The indictment also says the two worked closely with Abu Muhammad al-Adnani, a top strategist and chief spokesperson for the Islamic State until his death in 2016.

Emwazi, who wielded the knife in infamous Islamic State videos, was killed in a drone strike in 2015. Like Kotey and Elsheikh, Emwazi — better known as “Jihadi John” — was raised in West London. Together with a fourth Londoner, Aine Davis, the group became known by their captives as “the Beatles” because of their British accents.

Kotey and Elsheikh were captured in Syria by U.S.-backed Kurdish forces in 2018; Davis is imprisoned in Turkey. The U.S. military took custody of the two defendants from its Kurdish allies after Turkey invaded northern Syria.

The men will be prosecuted in federal court and are charged with hostage-taking resulting in death, conspiracy to murder U.S. citizens outside the United States, conspiracy to provide material support to a foreign terrorist organization and related conspiracy charges. If convicted of the most serious charges, they face mandatory life sentences.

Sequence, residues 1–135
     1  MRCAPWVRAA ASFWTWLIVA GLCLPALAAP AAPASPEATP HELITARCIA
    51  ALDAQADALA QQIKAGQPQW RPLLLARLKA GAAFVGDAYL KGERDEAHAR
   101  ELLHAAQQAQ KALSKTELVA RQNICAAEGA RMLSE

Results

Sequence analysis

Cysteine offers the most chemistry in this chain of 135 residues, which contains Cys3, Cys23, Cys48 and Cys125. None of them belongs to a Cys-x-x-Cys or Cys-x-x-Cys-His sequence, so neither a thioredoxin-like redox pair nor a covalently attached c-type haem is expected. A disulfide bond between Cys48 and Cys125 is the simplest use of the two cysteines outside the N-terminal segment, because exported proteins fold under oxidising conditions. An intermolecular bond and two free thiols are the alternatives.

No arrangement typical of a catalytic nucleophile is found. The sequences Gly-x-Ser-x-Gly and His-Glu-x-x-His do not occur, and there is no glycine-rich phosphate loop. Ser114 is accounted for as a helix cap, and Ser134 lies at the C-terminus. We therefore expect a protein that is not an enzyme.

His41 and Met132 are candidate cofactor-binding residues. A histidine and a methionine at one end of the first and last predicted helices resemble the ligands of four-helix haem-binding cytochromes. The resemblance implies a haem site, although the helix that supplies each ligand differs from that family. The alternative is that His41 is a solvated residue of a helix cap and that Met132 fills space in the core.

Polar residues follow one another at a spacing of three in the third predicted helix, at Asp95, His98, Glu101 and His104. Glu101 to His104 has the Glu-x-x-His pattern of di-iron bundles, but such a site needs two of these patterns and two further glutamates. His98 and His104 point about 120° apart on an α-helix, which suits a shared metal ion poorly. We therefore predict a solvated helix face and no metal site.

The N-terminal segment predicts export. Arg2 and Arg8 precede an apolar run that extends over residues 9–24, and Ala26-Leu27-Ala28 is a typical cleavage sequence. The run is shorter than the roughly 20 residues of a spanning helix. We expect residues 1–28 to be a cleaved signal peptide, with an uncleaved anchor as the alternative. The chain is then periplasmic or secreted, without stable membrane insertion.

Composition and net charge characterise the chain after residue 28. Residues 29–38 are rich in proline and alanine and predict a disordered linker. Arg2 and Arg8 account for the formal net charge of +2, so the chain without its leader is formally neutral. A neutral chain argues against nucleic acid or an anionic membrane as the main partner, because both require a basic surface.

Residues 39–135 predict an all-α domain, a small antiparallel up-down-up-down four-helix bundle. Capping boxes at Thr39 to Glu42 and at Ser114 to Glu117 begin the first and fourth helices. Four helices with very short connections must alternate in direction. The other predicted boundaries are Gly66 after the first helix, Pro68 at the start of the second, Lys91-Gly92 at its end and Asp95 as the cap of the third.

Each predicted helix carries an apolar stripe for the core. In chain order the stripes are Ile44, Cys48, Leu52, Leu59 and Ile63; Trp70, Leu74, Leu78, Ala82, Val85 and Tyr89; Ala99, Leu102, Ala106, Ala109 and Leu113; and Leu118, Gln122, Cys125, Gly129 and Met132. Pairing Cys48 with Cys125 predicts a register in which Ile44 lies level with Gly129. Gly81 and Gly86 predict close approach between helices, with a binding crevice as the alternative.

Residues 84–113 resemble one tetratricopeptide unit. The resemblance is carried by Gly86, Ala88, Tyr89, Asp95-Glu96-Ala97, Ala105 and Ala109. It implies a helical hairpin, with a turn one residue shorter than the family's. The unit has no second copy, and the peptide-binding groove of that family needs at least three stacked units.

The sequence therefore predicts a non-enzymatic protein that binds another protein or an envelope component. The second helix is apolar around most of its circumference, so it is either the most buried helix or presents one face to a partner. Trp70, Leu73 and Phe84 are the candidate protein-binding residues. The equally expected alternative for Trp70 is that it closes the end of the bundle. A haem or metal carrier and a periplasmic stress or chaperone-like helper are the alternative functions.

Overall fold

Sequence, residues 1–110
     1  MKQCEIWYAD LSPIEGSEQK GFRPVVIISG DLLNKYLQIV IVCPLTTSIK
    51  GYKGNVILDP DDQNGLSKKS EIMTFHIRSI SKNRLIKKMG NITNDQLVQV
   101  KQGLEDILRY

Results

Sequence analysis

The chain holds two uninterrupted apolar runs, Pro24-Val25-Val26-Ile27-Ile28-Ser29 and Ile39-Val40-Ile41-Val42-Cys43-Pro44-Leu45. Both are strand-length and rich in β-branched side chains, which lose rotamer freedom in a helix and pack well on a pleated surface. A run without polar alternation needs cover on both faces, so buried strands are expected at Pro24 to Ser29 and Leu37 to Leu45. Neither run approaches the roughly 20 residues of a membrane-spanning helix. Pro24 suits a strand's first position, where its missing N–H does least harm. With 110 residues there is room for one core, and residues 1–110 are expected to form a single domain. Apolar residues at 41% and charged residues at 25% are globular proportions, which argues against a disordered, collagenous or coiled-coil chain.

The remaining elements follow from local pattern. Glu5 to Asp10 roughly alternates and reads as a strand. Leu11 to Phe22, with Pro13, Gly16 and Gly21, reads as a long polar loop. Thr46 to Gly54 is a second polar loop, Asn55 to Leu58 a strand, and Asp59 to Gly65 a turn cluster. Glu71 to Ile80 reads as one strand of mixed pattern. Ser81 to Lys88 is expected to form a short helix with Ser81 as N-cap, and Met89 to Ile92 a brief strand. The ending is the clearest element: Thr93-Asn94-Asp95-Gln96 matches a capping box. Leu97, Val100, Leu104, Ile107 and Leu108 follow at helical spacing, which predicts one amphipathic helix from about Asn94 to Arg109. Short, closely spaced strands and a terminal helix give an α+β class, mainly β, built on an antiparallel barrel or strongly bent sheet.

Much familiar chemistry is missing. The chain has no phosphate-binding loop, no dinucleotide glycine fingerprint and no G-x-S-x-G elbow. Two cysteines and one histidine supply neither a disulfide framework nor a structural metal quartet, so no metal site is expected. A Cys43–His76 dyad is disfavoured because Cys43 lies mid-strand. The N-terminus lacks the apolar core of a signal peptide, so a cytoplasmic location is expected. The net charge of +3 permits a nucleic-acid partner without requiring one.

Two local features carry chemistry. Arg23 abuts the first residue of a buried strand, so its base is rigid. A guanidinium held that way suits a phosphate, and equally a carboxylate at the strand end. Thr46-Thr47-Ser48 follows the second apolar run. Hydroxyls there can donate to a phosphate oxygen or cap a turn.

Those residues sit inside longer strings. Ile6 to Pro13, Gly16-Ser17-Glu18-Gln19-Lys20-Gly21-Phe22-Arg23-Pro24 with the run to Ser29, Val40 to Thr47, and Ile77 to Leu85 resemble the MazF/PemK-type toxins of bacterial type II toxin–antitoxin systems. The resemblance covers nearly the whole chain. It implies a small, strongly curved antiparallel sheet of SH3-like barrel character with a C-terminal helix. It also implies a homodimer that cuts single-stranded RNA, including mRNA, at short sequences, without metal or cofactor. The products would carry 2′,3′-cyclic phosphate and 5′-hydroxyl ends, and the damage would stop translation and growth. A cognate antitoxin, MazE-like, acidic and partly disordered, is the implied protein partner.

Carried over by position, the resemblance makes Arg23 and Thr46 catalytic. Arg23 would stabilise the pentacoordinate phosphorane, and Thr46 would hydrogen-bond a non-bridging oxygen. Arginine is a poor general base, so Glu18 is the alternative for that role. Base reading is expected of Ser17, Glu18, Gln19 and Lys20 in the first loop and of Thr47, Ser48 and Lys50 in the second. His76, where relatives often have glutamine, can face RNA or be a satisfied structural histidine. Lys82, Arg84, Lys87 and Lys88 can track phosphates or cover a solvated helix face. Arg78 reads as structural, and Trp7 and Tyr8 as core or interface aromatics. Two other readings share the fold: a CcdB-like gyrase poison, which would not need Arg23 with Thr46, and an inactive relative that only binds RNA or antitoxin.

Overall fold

U.S. Attorney G. Zachary Terwilliger calls the case “one of the most impactful, important cases we’ve had in this country.”

The defendants and their families fought for a prosecution in Britain rather than the United States, where criminal punishment is harsher. But Britain stripped Kotey and Elsheikh of their British citizenship and expressed reservations about a prosecution there. A court in London last month cleared the way for British authorities to provide evidence to U.S. law enforcement after Barr agreed not to seek the death penalty in exchange.

Demers said the British evidence allowed prosecutors to tell “the fullest story we could about what these defendants did.”

In a statement Wednesday by a foundation created in Foley’s honor, the families thanked British and U.S. authorities for their work. “James, Peter, Kayla and Steven were kidnapped, tortured, beaten, starved, and murdered by members of the Islamic State in Syria,” they said. “Now our families can pursue accountability for these crimes against our children in a U.S. court.”

The bodies of the slain hostages have never been found; the circumstances of Mueller’s death remain unclear. Their families said in an editorial this year that they hope a prosecution will reveal “the full truth” of what happened to their children.

Nicholas Lewin, a former federal prosecutor in Manhattan who successful tried a number of senior al-Qaeda figures, said the indictment reflects a playbook used successfully in the years after 9/11: identify overseas operatives, bring them to the United States and charge them with, among other things, conspiracy to kill Americans and material support. “This was the al-Qaeda prosecution game plan,” he said, “and now we’re using it against ISIS.”